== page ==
Cinedigm’s Danish import Antboy is a surprisingly entertaining movie for anyone that is a fan of the superhero genre. There is plenty to be said of this mostly family friendly flick beginning with the fact that it is indeed family friendly. This ties directly in to the movie’s script, which will be discussed momentarily. Just as noteworthy is the work put in to dub the movie’s originally Danish language into English. Unlike other foreign films that have been dubbed for English audiences, this one actually impresses to a point. And last but not least, the movie’s comic book on-screen look puts the finishing touch to the presentation. The combination of all three of these factors together makes Antboy a movie that while hardly a blockbuster caliber work, one worth watching as a family at least once.
The most noticeable aspect of Antboy that audiences will appreciate is that unlike so many of its major blockbuster counterparts, it is actually a family friendly movie. It seems an increasing trend nowadays for both Marvel and DC to make their movies dark and gritty. Why? If not that, then they are being rebooted with an eye specifically towards teen audiences. The upcoming reboot of Marvel’s Fantastic Four movie and DC’s upcoming The Flash series are prime examples of that trend. On the avenue of dark and gritty, one look at DC’s Man of Steel and Dark Knight Trilogy are proof of the trend towards darker and grittier movies. They aren’t the only ones that are following that path, either. Considering all of this, it’s nice to see a movie like Antboy come along. It isn’t dark and gritty. What’s more, it presents some wonderful themes of friendship and believing in one’s own self. Even better is that the movie’s hero, Pelle, isn’t the standard brooding anti-hero figure that has become so popular among its big brothers in theaters and on television. This factor alone makes Antboy well worth at least one watch by audiences of any age.
By direct relation to Antboy’s family friendly nature is its script. It takes a cue from Marvel’s Spiderman. But it doesn’t go so far as to directly rip off said franchise. Instead, Pelle is bitten by a genetically modified ant, and ends up developing the powers of an ant. And fittingly, his arch nemesis is a baddie by the name of “The Flea.” “The Flea” is a former scientist whose research on ants had been cut by the head of his place of employment. The story presented by “The Flea” on his origin is actually interesting in that it makes him something of a sympathetic character strangely enough. He was just a good guy who had been poorly treated by those over him and was pushed too far, thus leading to becoming the villain that he was. It’s just another part of the script that makes the whole story easier to believe. Pelle’s eventual realization that it’s okay to not be popular through it all makes the script even better. It’s another example of how this story at least strives to set itself apart from its big budget brethren. Those movies see their main characters struggle with their dual identities and lives. In the case of this story, the main figure embraces his two separate roles. Having so much difference from all of the major superhero blockbuster is a big plus to this movie. Add in the fact that it is family friendly and it gains even more footing. There’s still more worth noting in the movie’s overall success, too. Another factor to note in the movie’s success is its dubbing.
Audiences will note in watching Antboy that this movie is not originally American. There are subtitles used in certain scenes. That’s the first hint. And watching the actors speak, audiences will note a discrepancy between the movement of the cast’s mouth movements and the actual words being heard. At first one might think that it’s just a sync issue. But a closer watch reveals that it’s actually dubbing. This movie is Danish in origin. So obviously the actors spoke in their native language. To the credit of those charged with dubbing it into English, they did quite the impressive job of carrying out their duties. As noted, the difference in the dubbing and original speaking parts is difficult to notice if one isn’t looking closely. That is a tribute to the painstaking efforts of those responsible for translating the movie into English. It’s yet another positive to a movie that while it will likely never be as big as its blockbuster counterparts, is just as good.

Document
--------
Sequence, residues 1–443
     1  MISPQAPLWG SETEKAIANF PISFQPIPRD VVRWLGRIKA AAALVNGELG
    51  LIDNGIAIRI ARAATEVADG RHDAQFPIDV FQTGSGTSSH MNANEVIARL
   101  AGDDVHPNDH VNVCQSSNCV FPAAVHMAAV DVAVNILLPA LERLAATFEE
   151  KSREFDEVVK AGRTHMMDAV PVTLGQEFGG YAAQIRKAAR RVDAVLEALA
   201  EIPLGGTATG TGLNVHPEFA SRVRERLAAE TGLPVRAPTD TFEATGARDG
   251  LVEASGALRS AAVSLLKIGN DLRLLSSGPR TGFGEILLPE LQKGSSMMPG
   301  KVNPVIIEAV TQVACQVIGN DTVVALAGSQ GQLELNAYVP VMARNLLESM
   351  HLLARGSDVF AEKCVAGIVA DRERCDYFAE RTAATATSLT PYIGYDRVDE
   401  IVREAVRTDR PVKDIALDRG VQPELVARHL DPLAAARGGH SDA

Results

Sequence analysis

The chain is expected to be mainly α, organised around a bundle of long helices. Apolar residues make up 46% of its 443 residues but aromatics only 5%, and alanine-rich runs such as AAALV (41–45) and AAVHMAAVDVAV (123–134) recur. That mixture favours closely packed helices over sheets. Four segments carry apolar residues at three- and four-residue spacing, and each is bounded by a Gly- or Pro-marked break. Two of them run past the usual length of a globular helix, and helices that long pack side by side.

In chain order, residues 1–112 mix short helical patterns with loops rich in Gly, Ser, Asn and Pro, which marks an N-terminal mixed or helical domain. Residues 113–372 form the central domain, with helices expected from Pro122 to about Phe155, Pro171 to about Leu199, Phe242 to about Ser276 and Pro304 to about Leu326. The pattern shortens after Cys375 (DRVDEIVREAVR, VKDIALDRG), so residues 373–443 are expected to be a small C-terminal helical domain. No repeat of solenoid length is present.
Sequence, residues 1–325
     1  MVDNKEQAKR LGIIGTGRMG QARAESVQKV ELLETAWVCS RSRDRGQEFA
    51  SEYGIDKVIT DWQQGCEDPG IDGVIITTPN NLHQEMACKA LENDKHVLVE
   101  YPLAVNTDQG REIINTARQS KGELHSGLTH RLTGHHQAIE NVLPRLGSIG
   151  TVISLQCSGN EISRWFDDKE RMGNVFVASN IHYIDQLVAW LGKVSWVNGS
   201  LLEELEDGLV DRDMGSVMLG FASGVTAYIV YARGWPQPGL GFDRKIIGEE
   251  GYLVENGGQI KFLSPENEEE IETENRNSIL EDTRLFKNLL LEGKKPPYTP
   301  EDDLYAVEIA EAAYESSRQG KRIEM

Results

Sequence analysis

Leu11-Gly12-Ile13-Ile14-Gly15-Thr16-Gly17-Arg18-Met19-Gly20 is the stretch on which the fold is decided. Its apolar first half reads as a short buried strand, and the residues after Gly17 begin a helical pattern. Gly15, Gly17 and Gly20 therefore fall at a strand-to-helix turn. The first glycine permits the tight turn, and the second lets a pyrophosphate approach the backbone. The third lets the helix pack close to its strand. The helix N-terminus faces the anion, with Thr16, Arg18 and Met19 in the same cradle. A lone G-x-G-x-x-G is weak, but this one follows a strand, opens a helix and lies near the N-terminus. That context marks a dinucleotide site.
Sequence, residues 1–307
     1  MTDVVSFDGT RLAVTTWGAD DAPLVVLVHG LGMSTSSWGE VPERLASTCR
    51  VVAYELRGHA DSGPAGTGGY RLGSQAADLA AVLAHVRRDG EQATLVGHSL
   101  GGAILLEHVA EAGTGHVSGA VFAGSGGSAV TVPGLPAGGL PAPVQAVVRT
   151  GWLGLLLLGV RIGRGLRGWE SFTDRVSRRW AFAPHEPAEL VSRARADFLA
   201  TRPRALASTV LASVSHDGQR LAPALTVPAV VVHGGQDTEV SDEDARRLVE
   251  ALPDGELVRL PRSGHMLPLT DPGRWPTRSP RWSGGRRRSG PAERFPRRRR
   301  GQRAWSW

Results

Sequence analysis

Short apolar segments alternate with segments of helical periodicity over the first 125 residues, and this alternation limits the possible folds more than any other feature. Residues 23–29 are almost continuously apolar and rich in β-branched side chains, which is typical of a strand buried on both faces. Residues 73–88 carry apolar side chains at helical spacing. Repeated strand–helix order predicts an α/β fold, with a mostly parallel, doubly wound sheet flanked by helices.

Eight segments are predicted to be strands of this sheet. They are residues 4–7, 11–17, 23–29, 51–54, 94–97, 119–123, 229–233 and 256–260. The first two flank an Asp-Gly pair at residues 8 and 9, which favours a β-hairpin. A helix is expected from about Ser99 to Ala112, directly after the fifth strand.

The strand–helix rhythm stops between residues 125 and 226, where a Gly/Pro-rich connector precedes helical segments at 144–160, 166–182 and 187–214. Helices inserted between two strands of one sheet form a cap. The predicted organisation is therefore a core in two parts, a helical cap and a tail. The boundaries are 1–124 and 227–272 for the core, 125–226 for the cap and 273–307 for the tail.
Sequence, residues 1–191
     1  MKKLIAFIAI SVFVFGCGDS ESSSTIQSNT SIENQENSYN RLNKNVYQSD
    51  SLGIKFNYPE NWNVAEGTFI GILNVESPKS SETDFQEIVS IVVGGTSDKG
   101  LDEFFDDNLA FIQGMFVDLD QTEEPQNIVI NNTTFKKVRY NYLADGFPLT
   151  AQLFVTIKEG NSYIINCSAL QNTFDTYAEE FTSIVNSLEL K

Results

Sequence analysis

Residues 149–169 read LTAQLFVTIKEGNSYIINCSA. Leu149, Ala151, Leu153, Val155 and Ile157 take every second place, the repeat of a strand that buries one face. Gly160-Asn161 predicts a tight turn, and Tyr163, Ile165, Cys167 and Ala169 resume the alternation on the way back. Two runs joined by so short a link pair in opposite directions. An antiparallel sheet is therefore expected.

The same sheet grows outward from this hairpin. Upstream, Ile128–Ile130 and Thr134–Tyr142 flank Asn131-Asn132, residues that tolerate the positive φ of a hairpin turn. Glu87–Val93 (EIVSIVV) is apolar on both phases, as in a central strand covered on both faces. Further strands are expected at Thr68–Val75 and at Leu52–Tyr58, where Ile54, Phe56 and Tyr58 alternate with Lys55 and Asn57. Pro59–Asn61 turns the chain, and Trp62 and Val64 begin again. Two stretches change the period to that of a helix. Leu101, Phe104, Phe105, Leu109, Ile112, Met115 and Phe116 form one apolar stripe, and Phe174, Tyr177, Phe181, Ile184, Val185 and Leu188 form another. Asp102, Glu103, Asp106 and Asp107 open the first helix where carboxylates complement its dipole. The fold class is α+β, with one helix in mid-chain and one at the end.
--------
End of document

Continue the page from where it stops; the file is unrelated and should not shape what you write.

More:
The translation of the original speaking parts from Danish to English was done with the utmost expertise. The same care as taken to separate Antboy from bigger name blockbusters. From making it family friendly to giving it its own identity, Cinedigm and all of the other companies responsible for bringing this story to American audiences are to be applauded for their efforts. There is still one more factor involved in this movie for which those companies deserve respect and applause. That final factor is the movie’s look. It was actually made to look like a comic book that had jumped right off the printed page. The animated panels and the movie’s very look together give this movie the truest feel of a real life comic book since 2002’s Sam Raimi helmed Spiderman ironically enough. That look combined with every factor previously noted becomes the final touch on this movie. It rounds out the entire presentation and makes it a movie that every family will enjoy even with just a single watch.
In the end, Antboy will never be as big as the films being churned out by Marvel and DC. But the reailty of the movie is that regardless of this, it is still a largely family friendly film. At the same time, it maintains its own place in the pantheon of superhero flicks. And in the arena of independently released superhero movies, it is one that any audience will appreciate whether it be in one watch or more.
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